When Gugino was 10, they lived in a van in Big Sur. But in other years, Gugino stayed with her father, an orthodontist, who provided a more stable existence, complete with a “tennis court, swimming pool and trips to Europe in the summer.”
“It wasn’t necessarily the easiest of childhoods,” says Gugino. “But I was exposed to so many different kinds of people, that it really probably informed my decision to become an actress. ... My mom always gravitated to the homeless guy on the street. It was like, ‘Where’s he from? What’s going on with him?’”
It was Gugino’s aunt, Carol Merrill, the hostess on “Let’s Make a Deal,” who encouraged a then-13-year-old Gugino to take up acting. Around that time, Gugino moved in with Merrill - “a huge influence” - who soon became her manager.
The valedictorian of her high school class, Gugino passed on the chance to go to college so she could pursue acting. In her late teens, she landed a recurring role on “Falcon Crest,” and, after a slew of additional television work, she nabbed a regular spot on “Spin City” in 1996.
In more recent years, she appeared with Denzel Washington in “American Gangster,” filmed steamy scenes with Robert De Niro in “Righteous Kill” and flexed her comedic muscles with Ben Stiller in “Night at the Museum.”
But it was her stint on Broadway in Tennessee Williams’ “Suddenly Last Summer” and Arthur Miller’s “After the Fall” that caught the attention of Robert Falls, the director at the Goodman.
“She came out of nowhere for me,” says Falls, who notes how rare it is to find an accomplished movie actress who can also “hold the stage.” On Broadway, she had a “ferocity and presence that took your breath away.”
In rehearsals for “Desire Under the Elms,” Gugino further impressed Falls with her dedication and persistence.
“She’s a perfectionist,” he says. “A lot of times, you find yourself saying, ‘That was great. That was terrific. Live with that, and let it go.’ But she would want to stay and keep working and working and working.”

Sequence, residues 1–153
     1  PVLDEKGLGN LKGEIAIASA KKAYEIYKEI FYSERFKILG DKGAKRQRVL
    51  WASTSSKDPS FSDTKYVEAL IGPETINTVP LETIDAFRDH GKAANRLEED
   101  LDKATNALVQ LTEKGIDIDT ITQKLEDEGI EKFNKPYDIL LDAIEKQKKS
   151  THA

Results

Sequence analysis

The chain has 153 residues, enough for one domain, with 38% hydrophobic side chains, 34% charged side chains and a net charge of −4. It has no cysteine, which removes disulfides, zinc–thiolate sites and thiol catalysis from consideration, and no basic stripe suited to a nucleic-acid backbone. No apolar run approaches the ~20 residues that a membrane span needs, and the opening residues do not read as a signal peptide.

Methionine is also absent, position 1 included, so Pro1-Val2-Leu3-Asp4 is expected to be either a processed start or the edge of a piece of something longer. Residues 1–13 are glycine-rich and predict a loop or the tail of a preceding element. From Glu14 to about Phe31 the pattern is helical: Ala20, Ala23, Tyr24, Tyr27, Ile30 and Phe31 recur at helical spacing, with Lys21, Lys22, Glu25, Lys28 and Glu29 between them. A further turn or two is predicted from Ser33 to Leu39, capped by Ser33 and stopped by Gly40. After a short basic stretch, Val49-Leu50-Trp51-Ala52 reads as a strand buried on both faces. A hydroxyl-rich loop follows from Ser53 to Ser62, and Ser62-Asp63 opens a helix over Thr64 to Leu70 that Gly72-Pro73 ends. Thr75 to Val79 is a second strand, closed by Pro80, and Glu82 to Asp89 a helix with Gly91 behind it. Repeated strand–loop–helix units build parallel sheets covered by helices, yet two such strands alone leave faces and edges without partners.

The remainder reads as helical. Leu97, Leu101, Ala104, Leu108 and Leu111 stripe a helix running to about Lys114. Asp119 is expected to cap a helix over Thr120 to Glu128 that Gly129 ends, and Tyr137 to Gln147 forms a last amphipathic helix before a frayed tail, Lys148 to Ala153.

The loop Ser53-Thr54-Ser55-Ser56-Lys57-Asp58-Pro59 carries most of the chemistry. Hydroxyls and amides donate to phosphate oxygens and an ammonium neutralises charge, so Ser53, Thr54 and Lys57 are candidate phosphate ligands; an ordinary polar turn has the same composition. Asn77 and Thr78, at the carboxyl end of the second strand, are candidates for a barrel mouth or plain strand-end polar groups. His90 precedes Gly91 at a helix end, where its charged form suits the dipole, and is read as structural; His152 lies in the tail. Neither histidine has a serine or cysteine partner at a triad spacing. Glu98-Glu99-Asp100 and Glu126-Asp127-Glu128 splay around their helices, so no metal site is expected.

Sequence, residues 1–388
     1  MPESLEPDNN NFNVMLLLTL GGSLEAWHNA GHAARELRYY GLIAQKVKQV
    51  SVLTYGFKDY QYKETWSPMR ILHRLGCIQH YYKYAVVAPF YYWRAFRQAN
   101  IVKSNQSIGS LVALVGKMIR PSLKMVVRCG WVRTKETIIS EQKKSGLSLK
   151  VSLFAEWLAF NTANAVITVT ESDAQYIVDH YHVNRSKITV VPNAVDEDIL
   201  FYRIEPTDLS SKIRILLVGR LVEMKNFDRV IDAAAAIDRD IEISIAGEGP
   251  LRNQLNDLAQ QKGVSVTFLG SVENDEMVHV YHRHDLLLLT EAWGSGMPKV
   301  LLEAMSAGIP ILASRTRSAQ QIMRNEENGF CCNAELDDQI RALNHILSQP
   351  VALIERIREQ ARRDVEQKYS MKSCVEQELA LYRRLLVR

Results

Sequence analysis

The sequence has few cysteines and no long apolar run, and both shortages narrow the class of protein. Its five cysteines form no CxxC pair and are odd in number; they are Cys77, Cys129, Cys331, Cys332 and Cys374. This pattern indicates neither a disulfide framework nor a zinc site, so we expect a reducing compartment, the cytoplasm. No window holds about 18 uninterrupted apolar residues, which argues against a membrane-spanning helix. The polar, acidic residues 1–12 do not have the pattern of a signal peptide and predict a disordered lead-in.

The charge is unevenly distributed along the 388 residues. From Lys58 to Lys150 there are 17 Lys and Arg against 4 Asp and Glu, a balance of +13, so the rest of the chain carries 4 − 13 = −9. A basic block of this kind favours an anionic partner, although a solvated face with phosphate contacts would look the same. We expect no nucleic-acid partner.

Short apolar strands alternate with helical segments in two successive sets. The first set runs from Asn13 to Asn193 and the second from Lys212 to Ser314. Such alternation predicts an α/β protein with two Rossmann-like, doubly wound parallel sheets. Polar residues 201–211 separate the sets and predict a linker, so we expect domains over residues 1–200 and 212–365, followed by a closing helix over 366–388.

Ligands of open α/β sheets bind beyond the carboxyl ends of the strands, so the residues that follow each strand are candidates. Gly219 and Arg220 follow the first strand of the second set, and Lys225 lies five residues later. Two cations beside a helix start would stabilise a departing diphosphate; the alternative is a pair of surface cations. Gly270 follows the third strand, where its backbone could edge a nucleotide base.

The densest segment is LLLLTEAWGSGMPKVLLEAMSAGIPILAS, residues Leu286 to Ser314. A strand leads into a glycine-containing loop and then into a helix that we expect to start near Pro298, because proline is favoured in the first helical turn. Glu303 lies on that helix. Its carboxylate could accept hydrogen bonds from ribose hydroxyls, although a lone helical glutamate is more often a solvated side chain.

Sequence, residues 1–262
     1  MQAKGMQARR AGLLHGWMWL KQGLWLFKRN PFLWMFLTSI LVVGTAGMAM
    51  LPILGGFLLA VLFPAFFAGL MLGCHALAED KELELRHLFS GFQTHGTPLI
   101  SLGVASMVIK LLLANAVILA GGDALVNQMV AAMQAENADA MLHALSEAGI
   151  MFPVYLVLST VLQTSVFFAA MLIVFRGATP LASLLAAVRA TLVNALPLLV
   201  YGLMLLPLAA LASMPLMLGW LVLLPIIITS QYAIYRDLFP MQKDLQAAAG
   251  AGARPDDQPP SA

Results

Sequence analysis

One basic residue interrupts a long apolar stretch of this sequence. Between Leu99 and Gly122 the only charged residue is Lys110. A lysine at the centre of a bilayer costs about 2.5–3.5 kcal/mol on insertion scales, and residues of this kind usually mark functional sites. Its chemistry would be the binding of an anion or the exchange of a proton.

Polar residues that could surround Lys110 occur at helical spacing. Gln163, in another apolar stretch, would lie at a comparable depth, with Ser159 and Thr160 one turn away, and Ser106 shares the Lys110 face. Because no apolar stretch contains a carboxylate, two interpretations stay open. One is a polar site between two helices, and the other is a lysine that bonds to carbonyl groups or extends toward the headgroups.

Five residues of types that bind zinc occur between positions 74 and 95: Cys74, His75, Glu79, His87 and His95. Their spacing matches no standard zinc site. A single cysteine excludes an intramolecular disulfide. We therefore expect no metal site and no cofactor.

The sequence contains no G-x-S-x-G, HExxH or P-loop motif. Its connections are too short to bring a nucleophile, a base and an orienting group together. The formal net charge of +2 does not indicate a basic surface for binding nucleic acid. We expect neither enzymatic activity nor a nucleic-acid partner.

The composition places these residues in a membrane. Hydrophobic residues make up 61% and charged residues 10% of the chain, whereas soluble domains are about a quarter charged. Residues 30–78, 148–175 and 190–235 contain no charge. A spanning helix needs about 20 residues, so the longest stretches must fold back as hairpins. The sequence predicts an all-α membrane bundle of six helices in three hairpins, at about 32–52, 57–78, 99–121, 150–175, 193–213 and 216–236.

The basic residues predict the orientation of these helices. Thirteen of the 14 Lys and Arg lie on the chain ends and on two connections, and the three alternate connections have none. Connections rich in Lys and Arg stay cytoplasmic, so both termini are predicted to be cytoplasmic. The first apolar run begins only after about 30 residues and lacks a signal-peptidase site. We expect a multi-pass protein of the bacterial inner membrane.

As for Gugino, she says she’s happiest when she’s working, even if it sometimes feels like “walking a tightrope, every night.”
“For me, if I know exactly how to play a part, I want to let someone else do that. It’s always the parts that scare me and challenge me in different ways that seem interesting,” says Gugino, who lives in New York and Los Angeles with her longtime boyfriend, Sebastian Gutierrez, a screenwriter and director. Though the play continues through March, Gugino takes her final bow Feb. 17 and embarks on a prearranged publicity tour for her upcoming films.
Still not a household name, she suggests that fame is less important to her now than it was when she was younger. “I’ve been doing this for 21 years and I hope I get to do it for a lot longer,” she says.
Like the girl who once traveled around California with her footloose mother, Gugino seems to be always looking for something around the next corner. As our interview comes to a close, she wraps her red scarf around her neck and prepares to rush off to the Goodman.
“I love disappearing into different roles,” she says, clearly looking forward to another night of disappearing into Abbie. “I’m always searching for something I haven’t done before.”
CARLA GUGINO ON FILM AND TV
“Snake Eyes” as Julia Costello (1998)
“Spin City” as a city hall reporter Ashley Schaeffer (13 episodes, 1996-1999)
“Spy Kids” movies as Ingrid Cortez (2001, 2002, 2003)
“Karen Sisco” as Karen Sisco (10 episodes, 2003-2004)
“Night at the Museum” as Rebecca (2006)
“Entourage” as Amanda Daniels (7 episodes, 2007-2008)
“Watchmen” as Sally Jupiter/Silk Spectre (2009)
“Race to Witch Mountain” as Dr. Alex Friedman (2009)
// Short Ends and Leader